“What Graham-Cassidy-Dean-Heller does is it returns that power to the states. It makes states more responsible, more responsive,” Johnson said. “For my Republican colleagues, if this isn’t quite good enought, if it doesn’t do enough repeal, this is our last shot … This is far better than Obamacare.”
Former Sen. Rick Santorum of Pennsylvania said that those who are hesitant to support the bill because it doesn’t repeal Obamacare entirely should focus on the fact that this will be one of the most historic reforms in the history of Washington.
Graham told reporters that he is working with McConnell to move the bill through Congress, but the majority leader told him he needs to get to “50 votes,” which is the threshold for passing the bill under the Senate’s budget reconciliation.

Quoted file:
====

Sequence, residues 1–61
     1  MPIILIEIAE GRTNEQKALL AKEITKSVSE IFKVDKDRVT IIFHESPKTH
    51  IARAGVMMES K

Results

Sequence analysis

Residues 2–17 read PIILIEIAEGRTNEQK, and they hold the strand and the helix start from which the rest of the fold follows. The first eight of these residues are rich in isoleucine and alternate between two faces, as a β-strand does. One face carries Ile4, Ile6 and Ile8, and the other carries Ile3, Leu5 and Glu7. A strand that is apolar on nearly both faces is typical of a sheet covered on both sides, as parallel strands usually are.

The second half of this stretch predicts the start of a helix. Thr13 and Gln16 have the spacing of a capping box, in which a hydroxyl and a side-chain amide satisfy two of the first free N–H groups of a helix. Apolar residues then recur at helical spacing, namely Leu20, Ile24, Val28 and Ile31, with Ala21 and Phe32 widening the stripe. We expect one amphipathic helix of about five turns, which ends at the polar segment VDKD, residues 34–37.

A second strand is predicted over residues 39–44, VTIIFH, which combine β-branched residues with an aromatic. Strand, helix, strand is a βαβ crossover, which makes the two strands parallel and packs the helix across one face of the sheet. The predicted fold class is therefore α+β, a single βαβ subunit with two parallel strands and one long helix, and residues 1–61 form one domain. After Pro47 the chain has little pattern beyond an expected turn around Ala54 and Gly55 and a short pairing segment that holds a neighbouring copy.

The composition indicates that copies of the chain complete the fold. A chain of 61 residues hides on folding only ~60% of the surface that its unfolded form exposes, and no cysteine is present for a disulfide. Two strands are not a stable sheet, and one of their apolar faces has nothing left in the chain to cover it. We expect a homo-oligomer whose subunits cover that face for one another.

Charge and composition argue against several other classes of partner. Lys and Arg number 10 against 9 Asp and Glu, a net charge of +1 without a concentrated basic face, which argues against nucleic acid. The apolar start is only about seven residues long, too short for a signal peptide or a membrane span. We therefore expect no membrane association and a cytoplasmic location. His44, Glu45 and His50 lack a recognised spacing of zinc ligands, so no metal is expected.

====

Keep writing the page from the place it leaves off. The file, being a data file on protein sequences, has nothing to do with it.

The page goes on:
Graham said he is not ready to move on from health care, and wants the president, who repeatedly pressed senators to pass an Obamacare repeal bill during the summer, to become more involved. “Mr. President, help us because we are trying to help you,” Graham said.
The senators said they likely don’t have the votes yet, but Graham hinted multiple times that if the president can help get governors behind the proposal, senators would follow suit.
“The idea that we can do this by ourselves is unreasonable,” Graham said. “If we leave health care…it will be because Democrats said, ‘no.'”
“This is our last and best shot for the Republican Party to show that we have ideas and our ideas are better than the other side,” Graham said.